The normal distribution
    Give clear explanations and show all working. You must provide a diagram and correct probability statements for the question.

    The weights of newborn babies in Battland are normally distributed with a mean of 3.43 kg
    and standard deviation of 0.36 kg.

    1% of newborn babies are classed as low birthweight babies and often in need of special care. What weight is defined as low birthweight in Battland?
    As 1% of newborns are classed as low birth weight, then all babies of
    birth weight < the first percentile of a normal distribution with mean 3.43
    and standard deviation 0.36 kg are classed as of low birth weight.

    But if denotes the b is the birth weight of a child, then:

    <br />
z=\frac{b-\mbox{mean birth weight}}{\mbox{standard Dev of birth weight}}<br />

    has a standard normal distribution (as b is normally distributed),
    and a newborn is classed as of low birth weight if zis less than
    the first percentile of a standard normal distribution.

    Looking up the first percentile (0.01 value) in a table of the standard
    normal distribution gives a value of -2.32679 or about -2.33. So a baby is
    of low birth weight if:

    <br />
z=\frac{b-3.43}{0.36}<-2.33<br />

    or rearranging:

    <br />
b<(-2.33 \times 0.36)+3.43\approx 2.59\ \mbox{kg}<br />

    RonL
    Last edited by CaptainBlack; February 27th 2006 at 07:49 PM.
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  5. #5
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    Reply to CaptainBlack

    Thanks for that, you've helped me twice now, and your last explanation was excellent. I realise that I must seem dense, but probability has never been my speciality. I am still uncertain how to go about the normal distribution table and I don't quite understand your explanation this time, would you be able to simplify this so that I can have a better understanding of how to answer this with the formula? You have become a great help to me, thanks again
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  6. #6
    Grand Panjandrum
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    Quote Originally Posted by Kiwigirl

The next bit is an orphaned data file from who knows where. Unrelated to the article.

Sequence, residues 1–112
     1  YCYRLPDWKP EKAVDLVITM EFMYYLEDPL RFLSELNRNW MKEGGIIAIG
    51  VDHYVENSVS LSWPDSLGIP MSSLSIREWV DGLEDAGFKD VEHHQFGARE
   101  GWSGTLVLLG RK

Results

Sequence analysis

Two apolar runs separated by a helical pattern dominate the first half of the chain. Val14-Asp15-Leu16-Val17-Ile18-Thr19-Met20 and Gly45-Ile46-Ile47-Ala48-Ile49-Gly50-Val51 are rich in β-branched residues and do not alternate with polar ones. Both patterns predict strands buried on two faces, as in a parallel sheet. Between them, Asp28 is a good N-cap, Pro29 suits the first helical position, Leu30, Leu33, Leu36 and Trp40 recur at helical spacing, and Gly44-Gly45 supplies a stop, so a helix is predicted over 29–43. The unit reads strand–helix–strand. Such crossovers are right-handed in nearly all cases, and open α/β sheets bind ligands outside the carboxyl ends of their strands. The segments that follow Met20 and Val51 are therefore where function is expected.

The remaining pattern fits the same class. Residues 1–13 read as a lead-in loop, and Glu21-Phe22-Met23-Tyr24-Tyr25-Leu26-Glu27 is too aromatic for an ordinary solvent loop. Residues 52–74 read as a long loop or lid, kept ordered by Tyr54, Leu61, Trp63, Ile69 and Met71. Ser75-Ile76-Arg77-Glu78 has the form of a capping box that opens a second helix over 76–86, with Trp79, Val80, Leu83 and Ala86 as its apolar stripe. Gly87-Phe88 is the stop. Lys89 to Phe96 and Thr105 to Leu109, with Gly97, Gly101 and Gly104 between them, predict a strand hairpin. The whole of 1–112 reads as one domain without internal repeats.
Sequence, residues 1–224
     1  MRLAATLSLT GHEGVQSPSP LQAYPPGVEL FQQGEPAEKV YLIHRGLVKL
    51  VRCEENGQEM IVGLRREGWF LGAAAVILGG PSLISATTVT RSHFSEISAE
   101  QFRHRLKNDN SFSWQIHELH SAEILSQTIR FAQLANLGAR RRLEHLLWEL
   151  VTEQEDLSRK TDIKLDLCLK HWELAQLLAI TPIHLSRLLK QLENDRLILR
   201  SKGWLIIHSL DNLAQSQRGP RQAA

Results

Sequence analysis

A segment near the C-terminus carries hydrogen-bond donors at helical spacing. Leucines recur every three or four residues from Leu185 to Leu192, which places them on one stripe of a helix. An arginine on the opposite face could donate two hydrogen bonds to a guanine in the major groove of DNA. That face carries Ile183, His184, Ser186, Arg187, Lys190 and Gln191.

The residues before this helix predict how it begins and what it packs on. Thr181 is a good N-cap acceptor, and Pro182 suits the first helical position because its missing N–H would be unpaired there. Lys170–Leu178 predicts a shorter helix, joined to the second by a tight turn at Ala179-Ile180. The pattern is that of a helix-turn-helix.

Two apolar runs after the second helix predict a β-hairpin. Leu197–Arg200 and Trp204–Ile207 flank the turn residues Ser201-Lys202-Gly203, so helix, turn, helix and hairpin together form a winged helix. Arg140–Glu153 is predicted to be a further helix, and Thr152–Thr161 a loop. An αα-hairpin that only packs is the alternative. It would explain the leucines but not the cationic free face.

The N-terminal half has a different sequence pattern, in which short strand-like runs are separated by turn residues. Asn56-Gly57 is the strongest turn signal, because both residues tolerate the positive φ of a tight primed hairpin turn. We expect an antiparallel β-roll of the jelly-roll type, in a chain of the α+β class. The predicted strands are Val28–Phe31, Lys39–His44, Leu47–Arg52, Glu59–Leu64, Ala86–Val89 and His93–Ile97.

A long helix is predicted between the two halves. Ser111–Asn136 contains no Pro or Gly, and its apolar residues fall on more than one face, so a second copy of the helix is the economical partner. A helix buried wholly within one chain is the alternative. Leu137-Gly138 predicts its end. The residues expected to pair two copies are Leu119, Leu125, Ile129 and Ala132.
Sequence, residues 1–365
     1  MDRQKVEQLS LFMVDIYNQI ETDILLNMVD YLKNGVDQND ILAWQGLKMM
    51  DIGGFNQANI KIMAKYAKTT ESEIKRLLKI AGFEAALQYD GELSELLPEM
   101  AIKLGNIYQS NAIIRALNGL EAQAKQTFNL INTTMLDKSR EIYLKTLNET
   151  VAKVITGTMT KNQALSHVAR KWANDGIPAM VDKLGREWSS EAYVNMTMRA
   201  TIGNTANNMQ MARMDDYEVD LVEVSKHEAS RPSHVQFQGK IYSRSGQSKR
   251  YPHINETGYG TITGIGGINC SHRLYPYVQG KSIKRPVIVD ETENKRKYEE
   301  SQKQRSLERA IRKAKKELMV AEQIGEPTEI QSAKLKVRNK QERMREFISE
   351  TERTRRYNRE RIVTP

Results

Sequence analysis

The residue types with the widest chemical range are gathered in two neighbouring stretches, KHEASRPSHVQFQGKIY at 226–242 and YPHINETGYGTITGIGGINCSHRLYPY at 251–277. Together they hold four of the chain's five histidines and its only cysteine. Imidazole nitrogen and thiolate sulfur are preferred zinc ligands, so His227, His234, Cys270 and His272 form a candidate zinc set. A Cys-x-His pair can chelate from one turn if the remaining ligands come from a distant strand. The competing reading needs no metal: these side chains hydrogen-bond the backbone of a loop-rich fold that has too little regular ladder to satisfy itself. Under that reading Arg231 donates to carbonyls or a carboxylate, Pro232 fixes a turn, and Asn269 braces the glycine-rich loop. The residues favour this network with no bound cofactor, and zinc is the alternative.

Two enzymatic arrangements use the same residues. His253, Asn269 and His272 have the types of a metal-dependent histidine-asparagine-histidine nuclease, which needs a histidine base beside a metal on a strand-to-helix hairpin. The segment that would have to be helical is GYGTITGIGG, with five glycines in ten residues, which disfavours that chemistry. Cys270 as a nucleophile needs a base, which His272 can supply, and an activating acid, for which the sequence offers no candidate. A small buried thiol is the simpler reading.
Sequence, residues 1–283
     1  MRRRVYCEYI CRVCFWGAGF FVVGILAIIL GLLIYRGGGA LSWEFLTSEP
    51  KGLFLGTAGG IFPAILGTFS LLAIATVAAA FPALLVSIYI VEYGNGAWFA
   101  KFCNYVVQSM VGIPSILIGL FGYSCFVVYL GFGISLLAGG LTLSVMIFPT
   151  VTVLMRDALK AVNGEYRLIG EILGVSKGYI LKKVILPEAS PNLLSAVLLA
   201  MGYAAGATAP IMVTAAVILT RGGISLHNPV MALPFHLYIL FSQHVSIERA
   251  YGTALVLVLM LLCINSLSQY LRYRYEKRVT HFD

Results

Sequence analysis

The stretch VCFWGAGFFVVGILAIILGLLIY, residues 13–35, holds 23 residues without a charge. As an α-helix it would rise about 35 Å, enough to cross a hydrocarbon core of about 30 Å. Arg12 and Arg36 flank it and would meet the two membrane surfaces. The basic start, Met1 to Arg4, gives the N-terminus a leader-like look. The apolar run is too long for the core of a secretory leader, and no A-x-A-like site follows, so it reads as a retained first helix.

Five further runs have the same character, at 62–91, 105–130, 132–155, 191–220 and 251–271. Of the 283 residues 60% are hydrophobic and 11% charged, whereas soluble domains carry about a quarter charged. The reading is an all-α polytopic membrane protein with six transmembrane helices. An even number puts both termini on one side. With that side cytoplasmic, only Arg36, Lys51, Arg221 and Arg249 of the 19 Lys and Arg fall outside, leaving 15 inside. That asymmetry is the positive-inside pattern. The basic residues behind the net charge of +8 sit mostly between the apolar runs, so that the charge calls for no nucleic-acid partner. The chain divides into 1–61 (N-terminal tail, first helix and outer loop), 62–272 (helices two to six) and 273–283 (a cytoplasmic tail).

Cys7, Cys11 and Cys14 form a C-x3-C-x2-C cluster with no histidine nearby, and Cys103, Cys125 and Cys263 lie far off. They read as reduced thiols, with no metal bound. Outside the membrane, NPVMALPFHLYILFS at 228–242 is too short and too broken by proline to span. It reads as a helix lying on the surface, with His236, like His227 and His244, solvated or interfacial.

Thanks for that, you've helped me twice now, and your last explanation was excellent. I realise that I must seem dense, but probability has never been my speciality. I am still uncertain how to go about the normal distribution table and I don't quite understand your explanation this time, would you be able to simplify this so that I can have a better understanding of how to answer this with the formula? You have become a great help to me, thanks again
    First, you need to know that if b is normally distributed with mean m, and
    standard deviation s, that:

    <br />
z=\frac{b-m}{s}<br />

    is normally distributed with mean 0 and standard deviation 1. The normal
    distribution with mean 0 and standard deviation 1 is called the standard
    normal distribution.

    Tables of the normal distribution are always for the standard normal
    distribution, which is why we transform from the meaningfully variable
    b to the slightly obscure variable z, so we can use the tabulated
    values of the standard normal distribution.

    Then a probability like: P(b<2.7)=p can we written as an equivalent
    statement about z: P(z<(2.7-m)/s)=p.

    Now the use of normal distribution table to find something like the value r such that:

    <br />
P(z<r)=0.01<br />

    can be tricky to explain, mainly because the format of the tables varies
    so much depending on the source of the table. I think I should leave
    such an explanation to a more authoritative source, like the:
    Engineering Stats Handbook

    RonL